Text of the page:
Brion Gysin invented the cut-up technique for altering prose which later was popularized by William Burroughs and later adopted by Robert Anton Wilson. (I think I've finally gotten that right, after screwing up in an earlier blog entry and attributing the technique to Burroughs.)
An entry on an Irish blog describes how in the early 1980s Gysin left Paris, stayed with Robert Anton Wilson for two weeks and then took a place of his own in rural Ireland. The bemused natives, who may not have been familiar with Gysin, were given a demonstration of his famous literary invention:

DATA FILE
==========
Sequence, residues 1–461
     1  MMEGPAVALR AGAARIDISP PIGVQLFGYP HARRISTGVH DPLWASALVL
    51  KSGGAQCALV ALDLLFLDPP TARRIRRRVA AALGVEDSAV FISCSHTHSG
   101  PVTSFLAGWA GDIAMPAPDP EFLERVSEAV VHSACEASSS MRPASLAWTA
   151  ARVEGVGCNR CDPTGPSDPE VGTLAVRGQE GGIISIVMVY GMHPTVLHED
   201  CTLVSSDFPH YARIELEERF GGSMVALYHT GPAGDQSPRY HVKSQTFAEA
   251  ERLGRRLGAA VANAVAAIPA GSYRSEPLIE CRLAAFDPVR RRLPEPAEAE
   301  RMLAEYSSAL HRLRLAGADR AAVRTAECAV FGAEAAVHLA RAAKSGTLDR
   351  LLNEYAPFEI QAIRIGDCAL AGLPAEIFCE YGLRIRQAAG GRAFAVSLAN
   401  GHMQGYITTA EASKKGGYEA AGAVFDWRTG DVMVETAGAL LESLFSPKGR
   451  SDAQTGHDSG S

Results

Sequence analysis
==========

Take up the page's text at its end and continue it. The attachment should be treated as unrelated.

"He appears to have lived an idyllic life while there, going for long walks alone, befriending locals and going fishing with them and even spending one day helping them save turf on a nearby bog. He did not hide his more radical ideas from them either as one night in a nearby pub, Gerties in Keshkerrigan, he reportedly mutilated that week’s edition of the Leitrim Observer while demonstrating his cut-up technique at the bar. This incident was remembered with good humour when recounted to me by the owner of the bar who told me that the sentences he created were very humourous."
I found this entry after Nick Helweg-Larsen pointed me to this blog entry, which also concerned RAW and explained how Wilson inspired a writing project. Thanks, Nick!